By Christine Leboulanger, Françoise Perdrieu-Maudière
This article studies the collaborative process within the French Nexans group. Although initially only a small cable-making factory, this century-old company has become a world leader in its field. Its development is due to the rise of electricity. In the early 20th century, taken over by the General Electricity Company (GEC), it continued growing. During the 1980s, it was renamed Alcatel Cable, and in the year 2000 the Nexans subsidiary was created. It acquired its independence in 2005 following Alcatel’s withdrawal from that industry. Nexans presents two major assets: a strong specialization and a continuing investment policy in research and development. Upstream research is centralized and concentrated in two main areas: polymers and superconductors. Nexans is the only company which masters the entire process. The specificities of this high-technology domain have forced it into a collaborative process establishing real inter-organizational networks. Nexans’ cooperations are mainly vertical or transversal. Recurrent partnerships with structures, both public and private, are established in order to facilitate a collective creation of knowledge and an exchange of expertise essential in the absence of a predictive scientific model. Apart from the fact that such technological collaborations enrich its offer, Nexans is also seeking to enter new market segments and to extend its geographical positions. Therefore, it must be admitted that such an innovation process relates to the logic of open innovation.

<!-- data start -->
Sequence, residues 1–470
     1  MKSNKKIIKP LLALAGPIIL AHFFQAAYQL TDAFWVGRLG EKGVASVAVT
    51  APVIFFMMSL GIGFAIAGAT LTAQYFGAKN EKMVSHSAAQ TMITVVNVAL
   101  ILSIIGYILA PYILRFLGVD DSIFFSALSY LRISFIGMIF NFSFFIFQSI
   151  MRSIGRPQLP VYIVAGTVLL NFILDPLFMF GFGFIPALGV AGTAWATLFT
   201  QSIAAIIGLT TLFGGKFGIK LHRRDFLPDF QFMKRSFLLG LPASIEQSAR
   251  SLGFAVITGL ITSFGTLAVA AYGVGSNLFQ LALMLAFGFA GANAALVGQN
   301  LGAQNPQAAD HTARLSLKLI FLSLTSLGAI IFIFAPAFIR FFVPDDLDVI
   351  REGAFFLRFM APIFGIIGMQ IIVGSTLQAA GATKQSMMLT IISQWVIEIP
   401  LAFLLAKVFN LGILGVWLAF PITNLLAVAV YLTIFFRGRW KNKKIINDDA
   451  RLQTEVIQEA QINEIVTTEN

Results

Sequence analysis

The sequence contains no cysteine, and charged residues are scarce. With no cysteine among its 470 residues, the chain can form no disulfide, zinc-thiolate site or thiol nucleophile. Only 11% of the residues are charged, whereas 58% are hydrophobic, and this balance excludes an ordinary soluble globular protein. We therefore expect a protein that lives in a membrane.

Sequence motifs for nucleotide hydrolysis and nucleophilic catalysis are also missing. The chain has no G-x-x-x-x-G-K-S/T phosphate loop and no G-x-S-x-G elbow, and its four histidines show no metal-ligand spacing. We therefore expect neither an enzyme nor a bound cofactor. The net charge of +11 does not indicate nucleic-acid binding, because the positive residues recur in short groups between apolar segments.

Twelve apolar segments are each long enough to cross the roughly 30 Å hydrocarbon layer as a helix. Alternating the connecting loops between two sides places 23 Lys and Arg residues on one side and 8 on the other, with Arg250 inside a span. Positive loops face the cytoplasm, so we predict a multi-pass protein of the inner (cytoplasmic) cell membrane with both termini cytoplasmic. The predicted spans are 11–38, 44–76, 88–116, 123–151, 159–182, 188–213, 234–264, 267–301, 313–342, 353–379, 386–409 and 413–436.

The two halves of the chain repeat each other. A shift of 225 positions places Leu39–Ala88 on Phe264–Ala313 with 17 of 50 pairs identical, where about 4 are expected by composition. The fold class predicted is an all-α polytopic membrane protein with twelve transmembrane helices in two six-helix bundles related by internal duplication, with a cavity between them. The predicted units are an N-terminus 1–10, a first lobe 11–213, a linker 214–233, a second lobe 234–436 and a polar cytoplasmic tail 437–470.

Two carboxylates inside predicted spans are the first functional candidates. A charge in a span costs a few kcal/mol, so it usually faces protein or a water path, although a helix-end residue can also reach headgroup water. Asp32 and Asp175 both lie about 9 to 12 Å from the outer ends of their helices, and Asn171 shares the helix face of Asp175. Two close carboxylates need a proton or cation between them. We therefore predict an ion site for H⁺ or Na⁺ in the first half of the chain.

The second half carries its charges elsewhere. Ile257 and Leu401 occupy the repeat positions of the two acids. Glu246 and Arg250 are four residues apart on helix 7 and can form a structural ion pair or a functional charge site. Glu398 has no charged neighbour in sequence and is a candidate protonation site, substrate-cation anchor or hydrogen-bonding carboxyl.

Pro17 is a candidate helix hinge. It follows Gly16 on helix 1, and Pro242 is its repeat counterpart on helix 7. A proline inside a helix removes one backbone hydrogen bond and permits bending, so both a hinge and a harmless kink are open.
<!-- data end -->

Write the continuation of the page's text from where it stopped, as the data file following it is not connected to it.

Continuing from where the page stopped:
JEL Codes: L21, O32, O33